Epic Spring Break Adventures Of Past Generations

The history of spring break goes back to 1936 when a swim coach from New York brought some of his swim team down to Fort Lauderdale, Florida, to practice at a warm pool during the winter. That proved such a good idea that the coach brought the whole team the following year. Seizing an opportunity in a post-depression economy, Fort Lauderdale quickly grew to be the original “spring break” capital of the world. Today, spring break travelers make life-long memories at destinations around the world. But the spring break options of today are an evolution of what has come before them, some of which were epic moments.

“Most of our lives, spring break has been portrayed as a fabled experience of near-utopian bacchanalia, community with fellow youth and warm sunny weather,” says CoolestSpringBreak, a website dedicated to preserving the history of fellow and future generations of spring breakers, both young and old. They ask, “… where does Spring Break, as a ritual of youth, come from?”

From the end of World War II until the 1980s, Fort Lauderdale was a notorious spring break destination in the United States for college students as was Daytona Beach, Panama City Beach and – well, you get it – warm places with beaches ruled as top spring break destinations.

Other states caught on and started promoting their destinations as spring break-friendly too, but Fort Lauderdale clearly had the lead, drawing as many as 20,000 students in the 1950s. That number grew to over 50,000 annual trekkers coming to Florida in the ’60s but then came the ’70s and along with them a very different scene.

Gone were the wholesome times associated with spring break-defining films like “Where The Boys Are” starring teen idol Connie Francis and the clean-cut songs of the Beach Boys.

Alcohol, a spring break staple, was mixed with drugs, which played a larger role in the festivities. The moon was in the seventh house and Jupiter aligned with Mars to bring the hippie “free love” movement. Add college students, on a beach, with little supervision and the cocktail for epic spring break experiences had been mixed.Because of the shenanigans of the ’70s, the ’80s grew spring breaker numbers in Florida to over 350,000, overwhelming city services, taking all available hotel rooms, leaving many in shambles after occupancy and quickly becoming a difficult situation to deal with – but not for long.

The 1990s saw spring break go international in spite of nearly half a million spring breakers coming to Florida as high school students joined the fun. Young professionals began scheduling vacation time during spring break to re-live their college days before turning the ripe old age of 30.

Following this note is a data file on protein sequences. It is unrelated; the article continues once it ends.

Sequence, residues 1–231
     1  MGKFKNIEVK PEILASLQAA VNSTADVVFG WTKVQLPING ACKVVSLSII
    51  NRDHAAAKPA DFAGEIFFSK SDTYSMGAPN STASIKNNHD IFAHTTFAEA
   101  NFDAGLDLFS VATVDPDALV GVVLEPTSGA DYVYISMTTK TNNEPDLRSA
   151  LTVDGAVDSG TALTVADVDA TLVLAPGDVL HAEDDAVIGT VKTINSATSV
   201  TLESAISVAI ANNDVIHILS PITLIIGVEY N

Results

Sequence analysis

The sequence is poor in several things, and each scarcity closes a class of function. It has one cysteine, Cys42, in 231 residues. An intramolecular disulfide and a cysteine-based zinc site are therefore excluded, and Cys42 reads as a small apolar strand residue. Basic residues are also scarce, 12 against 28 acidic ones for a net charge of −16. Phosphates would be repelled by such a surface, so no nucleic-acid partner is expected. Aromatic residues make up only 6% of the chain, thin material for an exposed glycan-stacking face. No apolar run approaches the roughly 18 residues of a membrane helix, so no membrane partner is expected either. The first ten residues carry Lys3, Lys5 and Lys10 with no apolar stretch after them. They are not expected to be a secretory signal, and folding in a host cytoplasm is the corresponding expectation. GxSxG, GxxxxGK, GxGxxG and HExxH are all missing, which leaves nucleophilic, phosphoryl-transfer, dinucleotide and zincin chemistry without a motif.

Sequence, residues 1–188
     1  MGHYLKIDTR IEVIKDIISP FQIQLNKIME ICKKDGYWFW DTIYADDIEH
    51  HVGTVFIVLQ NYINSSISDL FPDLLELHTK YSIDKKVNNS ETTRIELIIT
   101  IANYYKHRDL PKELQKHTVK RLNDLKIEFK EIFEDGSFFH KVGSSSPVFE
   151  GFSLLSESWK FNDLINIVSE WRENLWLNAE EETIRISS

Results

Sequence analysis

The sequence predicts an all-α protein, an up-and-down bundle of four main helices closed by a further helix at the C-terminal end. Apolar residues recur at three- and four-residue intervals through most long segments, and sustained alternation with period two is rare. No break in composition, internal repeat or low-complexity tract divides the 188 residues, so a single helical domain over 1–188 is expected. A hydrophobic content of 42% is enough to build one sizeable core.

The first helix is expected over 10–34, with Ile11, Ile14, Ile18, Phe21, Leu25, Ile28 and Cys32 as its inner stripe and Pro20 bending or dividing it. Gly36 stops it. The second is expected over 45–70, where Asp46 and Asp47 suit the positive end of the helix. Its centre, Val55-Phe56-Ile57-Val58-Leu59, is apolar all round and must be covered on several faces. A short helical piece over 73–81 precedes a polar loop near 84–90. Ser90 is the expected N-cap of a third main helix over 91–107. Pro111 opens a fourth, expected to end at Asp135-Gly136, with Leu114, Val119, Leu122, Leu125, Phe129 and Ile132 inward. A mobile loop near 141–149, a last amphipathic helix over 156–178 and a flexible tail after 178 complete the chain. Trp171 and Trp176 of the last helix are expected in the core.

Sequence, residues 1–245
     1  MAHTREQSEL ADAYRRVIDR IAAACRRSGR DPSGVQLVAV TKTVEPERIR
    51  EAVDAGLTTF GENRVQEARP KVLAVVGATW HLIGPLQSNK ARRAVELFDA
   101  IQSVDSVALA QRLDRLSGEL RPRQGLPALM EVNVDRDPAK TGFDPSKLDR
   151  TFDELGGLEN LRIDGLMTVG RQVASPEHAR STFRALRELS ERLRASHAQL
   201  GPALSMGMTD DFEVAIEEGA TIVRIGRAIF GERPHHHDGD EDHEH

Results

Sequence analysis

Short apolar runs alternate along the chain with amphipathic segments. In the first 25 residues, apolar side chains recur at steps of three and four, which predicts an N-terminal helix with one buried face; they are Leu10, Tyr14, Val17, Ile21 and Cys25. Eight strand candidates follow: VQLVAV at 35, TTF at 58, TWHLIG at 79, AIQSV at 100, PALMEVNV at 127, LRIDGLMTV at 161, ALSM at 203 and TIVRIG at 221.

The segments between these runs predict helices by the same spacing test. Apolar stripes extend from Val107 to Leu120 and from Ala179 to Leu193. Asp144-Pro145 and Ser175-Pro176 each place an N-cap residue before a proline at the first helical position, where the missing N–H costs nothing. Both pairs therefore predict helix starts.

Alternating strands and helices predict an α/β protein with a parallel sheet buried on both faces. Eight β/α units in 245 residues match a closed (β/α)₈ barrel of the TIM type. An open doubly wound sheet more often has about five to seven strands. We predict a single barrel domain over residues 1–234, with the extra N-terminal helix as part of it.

As U.S. destinations tightened up enforcement of alcohol laws, spring break drinkers looked to Mexico, where the legal drinking age is “old enough to see over the bar” and “anything goes” is pretty much a way of life. Already a popular option with budget-minded travelers, Mexico’s all-inclusive resorts offered hotel rooms that held up to four people, included meals and hours of free cocktails throughout the day. Never mind the drug wars, Mexico is perfect for the spring breaker mentality.

Still today, spring break rules the beaches and ski slopes for a period of time each year as a new generation of spring breaker comes forth to create their own epic memories. Google “top spring break destination” today and results vary depending on who is rating them but thousands of hits indicate a whole lot of people are.

Throughout most of the last century, spring breakers did not have anything close to that search ability and relied on newspaper accounts and TV news reports, mostly when something bad happened, for information on where to go and what to do there by reading between the lines. “Students Arrested For Disorderly Contact,” a story might read then go on to say, “25 students were arrested in Florida when things got out of hand.”

Looking for a party place for spring break, the old school researcher needn’t read further in that story than “200,000 students converged on the beaches of Fort Lauderdale to celebrate spring break…” to know this was the place to go. Twenty-five arrested out of 200,000? Pretty good odds for a stage set for epic spring break adventures.

Last week, when Gadling was in town for Seatrade Miami, the SXSW of cruise travel, Victoria’s Secret models Sara Sampaio and Elsa Hosk were hosts for the Ultimate Spring Break Dance Party 2013 with DJ Irie and DJ Cassidy at the Raleigh Hotel in Miami Beach. Here is video of that event:

[Photo credit – Flickr users sean dreilinger and prakash_ut, respectively]

Top 10 travel-themed 50’s songs

When Jeremy took on top 10 travel-themed 80’s songs last week, I headed to the 1950’s. Partially influenced by seeing the 1958 movie version of South Pacific this summer, this choice turned up ten songs that range from show tunes to country to R&B.

Even though much attention was given by American mainstream culture to get Rosie the Riveter back in the kitchen after World War II, certain themes of 1950’s music indicated that Rosie still had dreams of heading elsewhere.

From what I’ve discovered, this theme of escapism–the desire for an exit from the hum drum of everyday life seems to be a predominent expression in song lyrics throughout that decade.

Perhaps with the Cold War giving Joe McCarthy the green light to seek out Communists among creative folks in Hollywood, people had good reason for wanting a mental hiatus from reality. It’s a thought.